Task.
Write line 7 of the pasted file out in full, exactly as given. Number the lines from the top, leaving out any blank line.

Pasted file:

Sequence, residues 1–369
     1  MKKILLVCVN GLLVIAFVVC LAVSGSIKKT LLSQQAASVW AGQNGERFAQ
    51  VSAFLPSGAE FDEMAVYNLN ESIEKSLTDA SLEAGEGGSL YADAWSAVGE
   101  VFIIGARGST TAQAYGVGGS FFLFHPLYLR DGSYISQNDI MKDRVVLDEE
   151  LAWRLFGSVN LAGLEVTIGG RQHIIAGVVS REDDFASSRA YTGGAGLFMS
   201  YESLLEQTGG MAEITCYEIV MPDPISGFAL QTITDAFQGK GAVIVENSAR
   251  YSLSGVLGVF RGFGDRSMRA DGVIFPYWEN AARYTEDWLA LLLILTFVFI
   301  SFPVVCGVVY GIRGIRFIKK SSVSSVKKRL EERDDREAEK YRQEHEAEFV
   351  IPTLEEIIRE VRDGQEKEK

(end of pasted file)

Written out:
   251  YSLSGVLGVF RGFGDRSMRA DGVIFPYWEN AARYTEDWLA LLLILTFVFI